#03.) Guillermo Del Toro’s Pinocchio

Guillermo Del Toro returns with a new version of Pinocchio that is more or less the version we know, but with a different twist. After the slog that was Robert Zemeckis’ version of Pinocchio, we have been blessed with a film that takes Carlo Collodi’s source material and adds something fresh to the story. The animation is fantastic, of course, with its perfect stop-motion visuals, but its themes of mortality, grief, and what it means to be a person is what makes Guillermo Del Toro’s Pinocchio shine through. I am rooting for this film to win the Best Animated Feature Oscar.

#02.) Everything Everywhere All At Once

Throughout the year, no film has had much of an impact on cinema as Everything Everywhere All at Once. Daniel Kwan and Daniel Scheinert have crafted an original film exploring the many possibilities of the multiverse, with mind-bending results, while also being exciting, hilarious, and even emotional. Michelle Yeoh has never been better as she tackles many different versions of herself, while the return of Ke Huy Quan is something to celebrate. There is no doubt that Everything Everywhere All at Once is making an impact during awards season, and I see it being nominated for the Oscars as well.

#01.) Bullet Train

It was hard to top Everything Everywhere All at Once, but something about Bullet Train hit all the right notes. The film is exciting, bright, colorful, hilarious, and satisfying. I don’t think I have ever had fun with any movie than I did with Bullet Train. It may not win any Oscars, but it won a spot at the top of my list for sure!

Honorable Mentions:

The Bad Guys

Dreamworks Animation’s latest feature never lets up when it comes to delivering fast-paced action and relentless hilarity. I had a blast with The Bad Guys and would love to see more of this group take on more adventures!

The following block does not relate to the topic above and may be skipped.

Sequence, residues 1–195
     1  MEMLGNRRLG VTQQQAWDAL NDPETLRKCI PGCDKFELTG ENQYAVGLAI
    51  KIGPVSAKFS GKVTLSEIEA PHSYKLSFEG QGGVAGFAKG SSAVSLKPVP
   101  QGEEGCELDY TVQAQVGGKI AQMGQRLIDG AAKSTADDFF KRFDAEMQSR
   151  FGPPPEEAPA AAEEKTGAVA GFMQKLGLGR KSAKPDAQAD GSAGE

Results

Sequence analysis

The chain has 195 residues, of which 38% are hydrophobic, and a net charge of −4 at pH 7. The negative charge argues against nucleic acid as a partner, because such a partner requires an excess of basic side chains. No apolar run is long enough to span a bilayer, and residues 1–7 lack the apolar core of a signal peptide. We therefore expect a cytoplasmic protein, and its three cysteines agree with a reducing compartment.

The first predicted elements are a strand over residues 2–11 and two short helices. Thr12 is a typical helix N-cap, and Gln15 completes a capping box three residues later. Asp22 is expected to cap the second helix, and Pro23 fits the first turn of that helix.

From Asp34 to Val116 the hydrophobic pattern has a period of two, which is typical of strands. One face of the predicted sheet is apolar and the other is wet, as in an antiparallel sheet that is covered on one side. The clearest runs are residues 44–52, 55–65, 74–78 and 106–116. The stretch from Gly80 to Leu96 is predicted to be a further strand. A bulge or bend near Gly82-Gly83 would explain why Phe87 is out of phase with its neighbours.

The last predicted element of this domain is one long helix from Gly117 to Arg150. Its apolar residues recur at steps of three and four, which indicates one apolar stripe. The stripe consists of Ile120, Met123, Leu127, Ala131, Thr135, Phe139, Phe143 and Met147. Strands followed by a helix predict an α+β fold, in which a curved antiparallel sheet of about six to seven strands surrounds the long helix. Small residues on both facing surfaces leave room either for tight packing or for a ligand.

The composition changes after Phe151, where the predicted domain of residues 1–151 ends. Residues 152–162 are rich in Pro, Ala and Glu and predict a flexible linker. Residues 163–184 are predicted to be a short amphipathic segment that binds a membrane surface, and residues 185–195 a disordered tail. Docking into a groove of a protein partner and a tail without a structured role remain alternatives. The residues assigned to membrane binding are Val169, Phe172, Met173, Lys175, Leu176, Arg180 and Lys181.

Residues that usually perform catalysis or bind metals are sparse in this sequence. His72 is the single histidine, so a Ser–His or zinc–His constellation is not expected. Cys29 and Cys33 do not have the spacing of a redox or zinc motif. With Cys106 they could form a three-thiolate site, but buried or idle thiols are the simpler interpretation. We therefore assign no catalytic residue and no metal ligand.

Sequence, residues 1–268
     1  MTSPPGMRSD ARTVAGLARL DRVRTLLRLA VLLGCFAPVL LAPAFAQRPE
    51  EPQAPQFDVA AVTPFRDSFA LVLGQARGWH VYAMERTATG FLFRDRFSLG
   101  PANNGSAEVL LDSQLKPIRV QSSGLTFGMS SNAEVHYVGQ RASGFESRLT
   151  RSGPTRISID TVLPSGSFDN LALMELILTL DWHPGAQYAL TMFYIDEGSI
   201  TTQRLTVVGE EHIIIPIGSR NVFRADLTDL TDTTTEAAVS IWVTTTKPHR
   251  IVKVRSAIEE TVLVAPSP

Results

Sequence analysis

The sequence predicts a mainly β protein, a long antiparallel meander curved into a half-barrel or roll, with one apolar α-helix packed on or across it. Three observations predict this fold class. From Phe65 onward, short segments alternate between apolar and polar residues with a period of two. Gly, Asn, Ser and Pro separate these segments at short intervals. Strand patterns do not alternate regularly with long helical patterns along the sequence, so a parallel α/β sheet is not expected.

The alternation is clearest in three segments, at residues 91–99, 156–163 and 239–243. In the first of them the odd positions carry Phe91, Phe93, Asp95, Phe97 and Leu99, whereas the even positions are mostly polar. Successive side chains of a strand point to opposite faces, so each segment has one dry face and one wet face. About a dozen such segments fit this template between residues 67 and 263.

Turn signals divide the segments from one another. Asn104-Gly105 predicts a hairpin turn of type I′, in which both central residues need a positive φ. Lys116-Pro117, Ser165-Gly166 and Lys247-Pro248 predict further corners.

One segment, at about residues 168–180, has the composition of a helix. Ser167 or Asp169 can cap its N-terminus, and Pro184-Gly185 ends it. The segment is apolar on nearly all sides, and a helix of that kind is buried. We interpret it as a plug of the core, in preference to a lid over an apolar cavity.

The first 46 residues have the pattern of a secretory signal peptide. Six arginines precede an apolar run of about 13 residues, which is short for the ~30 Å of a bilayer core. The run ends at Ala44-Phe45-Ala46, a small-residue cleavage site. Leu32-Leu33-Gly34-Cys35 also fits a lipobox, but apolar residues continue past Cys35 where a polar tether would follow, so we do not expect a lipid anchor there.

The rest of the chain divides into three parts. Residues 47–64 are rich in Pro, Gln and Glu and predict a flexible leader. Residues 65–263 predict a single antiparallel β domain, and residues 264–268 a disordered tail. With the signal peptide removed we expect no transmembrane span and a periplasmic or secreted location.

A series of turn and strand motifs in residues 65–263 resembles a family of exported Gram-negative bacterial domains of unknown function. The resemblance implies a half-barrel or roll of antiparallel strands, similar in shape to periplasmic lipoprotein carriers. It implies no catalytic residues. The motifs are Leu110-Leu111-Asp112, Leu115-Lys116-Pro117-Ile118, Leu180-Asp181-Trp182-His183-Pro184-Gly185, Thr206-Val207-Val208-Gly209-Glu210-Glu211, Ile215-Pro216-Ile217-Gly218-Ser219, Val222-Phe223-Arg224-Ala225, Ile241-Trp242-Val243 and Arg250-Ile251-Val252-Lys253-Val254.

The Bob’s Burgers Movie

It really is a shame that The Bob’s Burgers Movie didn’t do well at the box office, and more than likely fell into obscurity at this point, because this movie is delightful! As someone who has rarely watched the show, I found it to be quite an enjoyable little film. There is something about seeing a 2D animated feature that just feels fresh. Maybe it will gain a cult following of some kind.

Marry Me

Just when I thought that romantic comedies were leaning towards generic, in comes a rom-com that changes my view a bit. I was really surprised by Marry Me with its fresh take on the genre, along with the chemistry between Jennifer Lopez and Owen Wilson.

The Batman

To anyone who has doubted whether The Batman would work based on casting alone, you would be surprised as to how much merit it holds. Matt Reeves’ take on the Caped Crusader is a grounded superhero film that works as a gritty crime drama and detective film. While Robert Pattinson is good as Batman/Bruce Wayne, the real star is Gotham City in all its dark nature.

Top Gun: Maverick

As someone who was not too into the original Top Gun, I was not holding out too much for its sequel. Yet the hype could not be ignored, and I gave in. I can say that Top Gun: Maverick is quite an improvement over its predecessor. The flight sequences are breathtakingly exciting, while the story is poignant with Tom Cruise’s Maverick having a bit more depth as he deals with the ghosts of his past while also training a new slew of pilots, including Goose’s son, Rooster (Miles Teller). It is less of fan service and more of a rewarding film in its own right.

My Father’s Dragon

It may be a movie for children, but there is no denying that the animation in My Father’s Dragon is amazing to say the least. It is easy to enjoy a simplistic film if it is pleasant to look at.

Apollo 10 1/2: A Space Age Childhood

Richard Linklater’s latest animated film is a time capsule of 60’s nostalgia and a sentimentality of simpler times, and that is where Apollo 10 1/2: A Space Age Childhood succeeds, even if half of its story doesn’t work.

What were your favorites of the past year? Let me know in the comments!